9 The reduction in competitiveness and supply causes those with licenses to charge more for their services than they would if participating in an open market.

10 Recognition is just one—and the least restrictive—form of portability (other than no license). Another is reciprocity, where two states, for example, agree to recognize the licenses of each, so long as the licensure requirements are equivalent between states or other conditions are met. The most restrictive—and least desirable—is interstate compacts. Under these arrangements, states enter into formal contracts to create and/or support a separate governing system and infrastructure to harmonize and oversee licensing requirements for a given occupation. Occupational practitioners in compact states can move and work freely among participating states.

11 This would penalize those coming from jurisdictions where the burden of requirements for a license is less onerous.

12 Arizona was the first state to have universal recognition without a “substantially equivalent” requirement through the H.B. 2569 statute (2019, p. 2). A recent study estimates that universal recognition in Arizona will increase the population by 44,376 people, jobs by at least 15,991 workers, and the gross domestic product by $1.5 billion by the year 2030 (Common Sense Institute, 2022).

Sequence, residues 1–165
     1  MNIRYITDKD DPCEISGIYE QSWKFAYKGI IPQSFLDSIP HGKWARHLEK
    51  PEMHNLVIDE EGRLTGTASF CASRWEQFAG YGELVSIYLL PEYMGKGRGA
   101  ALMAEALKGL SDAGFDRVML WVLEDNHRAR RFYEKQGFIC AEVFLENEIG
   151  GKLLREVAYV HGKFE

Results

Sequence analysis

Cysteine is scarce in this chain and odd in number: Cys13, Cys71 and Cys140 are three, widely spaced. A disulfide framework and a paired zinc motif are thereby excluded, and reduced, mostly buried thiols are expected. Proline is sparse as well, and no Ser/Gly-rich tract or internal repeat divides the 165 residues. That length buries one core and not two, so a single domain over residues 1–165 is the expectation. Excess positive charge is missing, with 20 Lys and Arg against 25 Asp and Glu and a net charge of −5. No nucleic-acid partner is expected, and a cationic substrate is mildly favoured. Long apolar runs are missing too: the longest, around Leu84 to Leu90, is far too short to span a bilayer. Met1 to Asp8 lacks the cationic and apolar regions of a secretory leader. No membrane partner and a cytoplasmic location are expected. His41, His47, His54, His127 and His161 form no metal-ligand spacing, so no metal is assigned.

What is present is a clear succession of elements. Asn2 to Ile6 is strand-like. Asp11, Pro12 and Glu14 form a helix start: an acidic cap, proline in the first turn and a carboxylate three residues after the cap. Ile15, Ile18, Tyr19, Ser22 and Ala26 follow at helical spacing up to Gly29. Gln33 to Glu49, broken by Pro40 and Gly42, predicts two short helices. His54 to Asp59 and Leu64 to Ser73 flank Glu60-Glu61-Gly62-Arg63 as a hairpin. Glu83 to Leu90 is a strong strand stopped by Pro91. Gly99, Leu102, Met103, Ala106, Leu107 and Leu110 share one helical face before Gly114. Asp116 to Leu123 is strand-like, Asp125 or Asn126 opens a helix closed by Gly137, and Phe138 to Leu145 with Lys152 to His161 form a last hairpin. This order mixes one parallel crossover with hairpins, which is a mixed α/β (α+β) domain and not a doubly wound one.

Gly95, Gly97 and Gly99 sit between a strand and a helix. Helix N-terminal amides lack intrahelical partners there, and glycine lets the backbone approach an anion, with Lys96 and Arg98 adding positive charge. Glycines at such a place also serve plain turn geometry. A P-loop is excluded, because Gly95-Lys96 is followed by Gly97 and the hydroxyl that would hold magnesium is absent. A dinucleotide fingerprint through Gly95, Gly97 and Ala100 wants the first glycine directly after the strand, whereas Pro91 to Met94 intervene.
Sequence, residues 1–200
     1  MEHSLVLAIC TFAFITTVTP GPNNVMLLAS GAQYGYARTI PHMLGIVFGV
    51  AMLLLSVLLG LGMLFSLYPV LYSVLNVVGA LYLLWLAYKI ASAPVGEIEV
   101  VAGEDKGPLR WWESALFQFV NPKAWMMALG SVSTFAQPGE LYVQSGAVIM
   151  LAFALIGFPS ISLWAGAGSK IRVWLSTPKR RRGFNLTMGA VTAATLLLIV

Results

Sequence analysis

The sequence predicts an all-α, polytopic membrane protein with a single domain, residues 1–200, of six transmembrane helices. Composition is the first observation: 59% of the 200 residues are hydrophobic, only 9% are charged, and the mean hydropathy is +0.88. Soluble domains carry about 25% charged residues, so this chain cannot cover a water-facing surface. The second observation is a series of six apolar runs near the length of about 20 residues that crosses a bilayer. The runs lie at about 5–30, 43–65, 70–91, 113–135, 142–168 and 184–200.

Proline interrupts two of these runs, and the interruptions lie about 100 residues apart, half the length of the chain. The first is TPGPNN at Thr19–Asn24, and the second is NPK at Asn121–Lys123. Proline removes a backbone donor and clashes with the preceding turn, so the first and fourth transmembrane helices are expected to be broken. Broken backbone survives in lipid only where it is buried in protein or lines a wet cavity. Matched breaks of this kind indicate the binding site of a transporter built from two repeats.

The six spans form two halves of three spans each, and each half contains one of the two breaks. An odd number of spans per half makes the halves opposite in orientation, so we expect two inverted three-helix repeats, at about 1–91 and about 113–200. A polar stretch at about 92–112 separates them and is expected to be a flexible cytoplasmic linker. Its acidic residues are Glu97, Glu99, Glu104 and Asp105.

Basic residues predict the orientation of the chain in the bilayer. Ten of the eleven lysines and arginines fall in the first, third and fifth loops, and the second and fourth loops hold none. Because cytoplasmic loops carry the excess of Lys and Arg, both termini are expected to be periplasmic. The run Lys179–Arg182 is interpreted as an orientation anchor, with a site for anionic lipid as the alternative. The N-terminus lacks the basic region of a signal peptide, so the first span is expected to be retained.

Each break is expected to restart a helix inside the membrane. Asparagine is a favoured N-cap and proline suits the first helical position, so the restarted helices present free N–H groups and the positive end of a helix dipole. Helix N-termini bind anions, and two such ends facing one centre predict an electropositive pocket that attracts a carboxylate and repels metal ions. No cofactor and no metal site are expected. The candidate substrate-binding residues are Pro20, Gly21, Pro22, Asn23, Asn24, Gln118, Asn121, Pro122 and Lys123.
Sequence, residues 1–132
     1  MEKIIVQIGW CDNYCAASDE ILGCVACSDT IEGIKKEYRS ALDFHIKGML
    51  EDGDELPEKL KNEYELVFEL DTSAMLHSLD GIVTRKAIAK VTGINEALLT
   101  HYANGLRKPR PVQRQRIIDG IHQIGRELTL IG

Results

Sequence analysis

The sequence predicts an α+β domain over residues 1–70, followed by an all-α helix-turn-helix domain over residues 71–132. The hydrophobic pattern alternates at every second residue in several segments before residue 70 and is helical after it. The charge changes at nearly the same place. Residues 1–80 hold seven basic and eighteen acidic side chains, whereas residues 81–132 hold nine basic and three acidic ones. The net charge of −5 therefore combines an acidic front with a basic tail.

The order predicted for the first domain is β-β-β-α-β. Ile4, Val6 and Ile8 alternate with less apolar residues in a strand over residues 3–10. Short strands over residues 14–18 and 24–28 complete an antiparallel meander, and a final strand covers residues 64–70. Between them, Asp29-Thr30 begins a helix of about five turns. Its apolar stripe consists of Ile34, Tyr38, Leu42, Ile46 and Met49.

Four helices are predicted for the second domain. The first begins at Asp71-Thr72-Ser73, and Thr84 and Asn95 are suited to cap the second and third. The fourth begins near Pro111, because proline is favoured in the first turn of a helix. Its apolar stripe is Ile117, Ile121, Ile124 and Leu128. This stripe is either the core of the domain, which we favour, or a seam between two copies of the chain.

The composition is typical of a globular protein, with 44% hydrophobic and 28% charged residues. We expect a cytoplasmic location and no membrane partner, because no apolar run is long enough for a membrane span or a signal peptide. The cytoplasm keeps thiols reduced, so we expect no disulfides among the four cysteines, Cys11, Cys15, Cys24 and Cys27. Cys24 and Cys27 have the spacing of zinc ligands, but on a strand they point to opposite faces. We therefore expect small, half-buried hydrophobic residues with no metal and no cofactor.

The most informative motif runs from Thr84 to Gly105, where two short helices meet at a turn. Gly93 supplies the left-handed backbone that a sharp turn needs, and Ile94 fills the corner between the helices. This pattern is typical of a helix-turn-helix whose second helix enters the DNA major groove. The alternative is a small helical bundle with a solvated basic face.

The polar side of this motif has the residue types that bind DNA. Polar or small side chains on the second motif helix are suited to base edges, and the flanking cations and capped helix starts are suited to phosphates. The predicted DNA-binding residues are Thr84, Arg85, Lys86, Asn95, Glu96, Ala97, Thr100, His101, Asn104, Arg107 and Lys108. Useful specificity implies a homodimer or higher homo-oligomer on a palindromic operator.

13 All these states significantly outperform the Island in economic freedom, as reported in Economic Freedom of North America 2022 (Stansel et al., 2022). In this study published by the Fraser Institute, Florida had the highest score with 7.94 and Arizona had the lowest with 5.87 among the states to which most Puerto Ricans migrated, while Puerto Rico ranked last with 2.04—74.31% less than Florida and 65.25% less than Arizona—.

14The study by Bae and Timmons (2023) provides information on the effects of universal recognition on labor market activity and geographic mobility of licensed individuals.

15 According to Institute for Justice, “[r]educing licensing burdens could make considerable strides toward reducing recidivism rates by putting former offenders back to work and helping them reintegrate into society” (IJ, [2022]b).

16 Subsequently, Ohio and the District of Columbia approved additional reforms regarding the consideration of criminal records for occupational licensing. The approved bills in Ohio and the District of Columbia were respectively Revise Occupational License Restrictions for Former Criminals (2021) and Removing Barriers to Occupational Licensing for Returning Citizens Amendment Act of 2019 (2021).

17 CCRC Staff (2021) provides more information on the enacted laws limiting consideration of criminal records by occupational licensing agencies.

18 Some occupational licenses on the Island such as Medical Ultrasound Technologist (Cardiac) and Medical Ultrasound Technologist (Vascular) were included in the University of Puerto Rico study as a single license: “Sonographer (Cardiovascular).” Likewise, the licenses for Recreational Leader for the Community and Recreational Leader for Older Adults appear in the study as a single license: “Recreation Leader.” Additionally, the University of Puerto Rico study did not include licenses for sports occupations such as referee, judge, officer, boxer, and jockey, as they were considered atypical occupations.